Schwarzenegger says raising taxes may be unavoidable
The Associated Press
SACRAMENTO Gov. Arnold Schwarzenegger hinted that raising taxes may be unavoidable, acknowledging he is under extreme pressure to increase the state's revenue to offset a $14 billion budget shortfall.
Schwarzenegger, who has opposed new taxes, said on Tuesday it would be "wishful thinking" to assume the state would not increase taxes.
"I'm going through wishful thinking that I'll never have to go there," Schwarzenegger said. "Because I just don't like it. I try to work around and find ways so we don't have to do that. So that's the stage I'm in right now."
He said increasing taxes would punish ordinary Californians for the state's mistake of overspending.
Though Schwarzenegger didn't rule out a tax hike, he said he needs to further review budget forecasts in the next weeks to decide whether to raise taxes. "When I look at the numbers, I can make up my mind about what that means," he said.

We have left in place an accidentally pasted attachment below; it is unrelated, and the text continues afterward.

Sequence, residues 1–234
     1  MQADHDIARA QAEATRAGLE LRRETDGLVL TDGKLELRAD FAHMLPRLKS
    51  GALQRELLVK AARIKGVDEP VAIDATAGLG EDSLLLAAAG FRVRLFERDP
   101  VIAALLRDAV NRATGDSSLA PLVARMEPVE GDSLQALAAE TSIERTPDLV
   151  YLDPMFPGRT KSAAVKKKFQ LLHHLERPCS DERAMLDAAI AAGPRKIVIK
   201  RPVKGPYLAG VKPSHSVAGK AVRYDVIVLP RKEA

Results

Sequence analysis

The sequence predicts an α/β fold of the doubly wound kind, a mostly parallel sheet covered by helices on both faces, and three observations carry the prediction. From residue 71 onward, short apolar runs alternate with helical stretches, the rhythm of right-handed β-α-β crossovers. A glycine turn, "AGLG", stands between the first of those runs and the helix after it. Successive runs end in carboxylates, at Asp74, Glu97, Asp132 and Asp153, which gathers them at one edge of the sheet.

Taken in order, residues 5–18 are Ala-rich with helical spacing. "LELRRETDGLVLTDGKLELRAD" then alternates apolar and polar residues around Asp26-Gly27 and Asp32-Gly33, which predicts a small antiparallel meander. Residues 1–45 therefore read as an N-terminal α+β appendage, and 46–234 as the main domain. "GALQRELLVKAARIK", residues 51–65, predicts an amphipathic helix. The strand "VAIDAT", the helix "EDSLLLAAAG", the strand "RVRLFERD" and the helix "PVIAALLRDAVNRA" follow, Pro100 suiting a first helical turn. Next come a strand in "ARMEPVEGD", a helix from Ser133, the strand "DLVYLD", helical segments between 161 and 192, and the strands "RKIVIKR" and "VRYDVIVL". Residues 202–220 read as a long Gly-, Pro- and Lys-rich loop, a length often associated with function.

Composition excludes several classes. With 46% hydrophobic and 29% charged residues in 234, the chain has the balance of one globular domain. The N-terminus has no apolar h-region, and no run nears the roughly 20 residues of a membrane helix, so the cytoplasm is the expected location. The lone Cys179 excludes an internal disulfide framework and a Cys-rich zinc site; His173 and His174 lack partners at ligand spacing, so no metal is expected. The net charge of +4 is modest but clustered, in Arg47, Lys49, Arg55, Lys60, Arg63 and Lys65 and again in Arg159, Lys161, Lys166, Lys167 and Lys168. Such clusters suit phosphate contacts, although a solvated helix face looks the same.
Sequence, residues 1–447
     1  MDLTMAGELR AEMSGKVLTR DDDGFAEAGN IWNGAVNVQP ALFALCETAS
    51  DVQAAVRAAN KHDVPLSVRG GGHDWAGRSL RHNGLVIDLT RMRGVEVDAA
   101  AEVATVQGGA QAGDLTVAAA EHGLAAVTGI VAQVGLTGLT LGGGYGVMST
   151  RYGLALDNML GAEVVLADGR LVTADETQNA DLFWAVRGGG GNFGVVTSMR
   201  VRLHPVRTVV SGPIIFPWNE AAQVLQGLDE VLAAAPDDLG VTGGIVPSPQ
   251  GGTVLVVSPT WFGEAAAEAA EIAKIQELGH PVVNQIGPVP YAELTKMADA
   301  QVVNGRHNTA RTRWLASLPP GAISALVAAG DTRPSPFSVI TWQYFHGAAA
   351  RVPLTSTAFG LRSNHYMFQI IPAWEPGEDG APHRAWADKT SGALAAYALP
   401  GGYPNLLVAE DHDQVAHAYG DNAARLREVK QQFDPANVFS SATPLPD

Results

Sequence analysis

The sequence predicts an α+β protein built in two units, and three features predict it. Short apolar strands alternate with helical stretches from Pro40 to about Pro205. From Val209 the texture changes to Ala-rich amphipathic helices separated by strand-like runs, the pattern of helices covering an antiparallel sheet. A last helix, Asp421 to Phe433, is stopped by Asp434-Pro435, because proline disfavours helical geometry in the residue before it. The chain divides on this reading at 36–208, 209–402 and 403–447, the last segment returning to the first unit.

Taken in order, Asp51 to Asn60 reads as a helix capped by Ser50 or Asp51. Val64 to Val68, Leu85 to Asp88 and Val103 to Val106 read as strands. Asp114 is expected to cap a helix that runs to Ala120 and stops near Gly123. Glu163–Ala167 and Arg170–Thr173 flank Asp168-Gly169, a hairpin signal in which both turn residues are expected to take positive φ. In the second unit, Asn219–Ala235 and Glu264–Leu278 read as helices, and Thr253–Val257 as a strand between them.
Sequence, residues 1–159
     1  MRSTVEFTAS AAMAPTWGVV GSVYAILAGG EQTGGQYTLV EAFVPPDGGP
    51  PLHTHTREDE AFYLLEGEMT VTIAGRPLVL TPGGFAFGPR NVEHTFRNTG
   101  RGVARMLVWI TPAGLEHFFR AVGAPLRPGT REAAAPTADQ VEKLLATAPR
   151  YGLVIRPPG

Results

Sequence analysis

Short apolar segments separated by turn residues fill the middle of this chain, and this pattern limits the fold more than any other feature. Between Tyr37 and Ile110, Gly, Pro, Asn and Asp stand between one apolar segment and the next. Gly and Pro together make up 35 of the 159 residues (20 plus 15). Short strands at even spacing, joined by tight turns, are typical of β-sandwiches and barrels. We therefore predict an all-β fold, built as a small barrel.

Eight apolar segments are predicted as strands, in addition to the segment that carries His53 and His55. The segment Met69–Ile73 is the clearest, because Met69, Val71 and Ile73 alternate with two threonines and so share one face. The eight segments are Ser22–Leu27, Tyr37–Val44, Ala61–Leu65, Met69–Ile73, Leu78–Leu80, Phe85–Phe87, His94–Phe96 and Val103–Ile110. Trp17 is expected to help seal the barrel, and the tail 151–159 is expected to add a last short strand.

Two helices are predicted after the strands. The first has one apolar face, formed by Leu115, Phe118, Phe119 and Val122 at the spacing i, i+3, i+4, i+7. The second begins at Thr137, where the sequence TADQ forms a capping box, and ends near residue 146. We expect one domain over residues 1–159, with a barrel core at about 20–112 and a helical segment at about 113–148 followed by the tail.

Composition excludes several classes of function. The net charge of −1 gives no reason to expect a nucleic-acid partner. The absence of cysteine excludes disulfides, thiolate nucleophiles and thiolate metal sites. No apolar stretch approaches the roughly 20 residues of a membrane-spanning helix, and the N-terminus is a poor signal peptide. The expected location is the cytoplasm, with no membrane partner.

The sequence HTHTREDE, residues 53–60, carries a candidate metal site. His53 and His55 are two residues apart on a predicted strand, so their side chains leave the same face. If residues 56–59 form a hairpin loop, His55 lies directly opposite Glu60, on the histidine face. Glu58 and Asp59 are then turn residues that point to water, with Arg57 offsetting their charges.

Schwarzenegger's communications director, Rob Stutzman, said the governor was not changing his opposition on taxes but "expressing his optimism for a solution without taxes."
Stutzman added, "Once he is set on a direction, he's relentless, and he is set on solving the budget without tax increases."
In an interview with The Oakland Tribune, Schwarzenegger said his political advisers were doing extensive polling on workers' compensation insurance reform and may also be asking voters for their opinions on possible tax increases.
"It could easily be that my campaign staff, that is dealing with workers' compensation, that they're throwing that in," Schwarzenegger said.
Some lawmakers said Tuesday they have not been notified the governor intends to raise taxes, nor did they suspect he was sending out feelers to gauge reactions.
"We've never had that discussion," said Assembly Minority Leader Kevin McCarthy, a Republican from Bakersfield.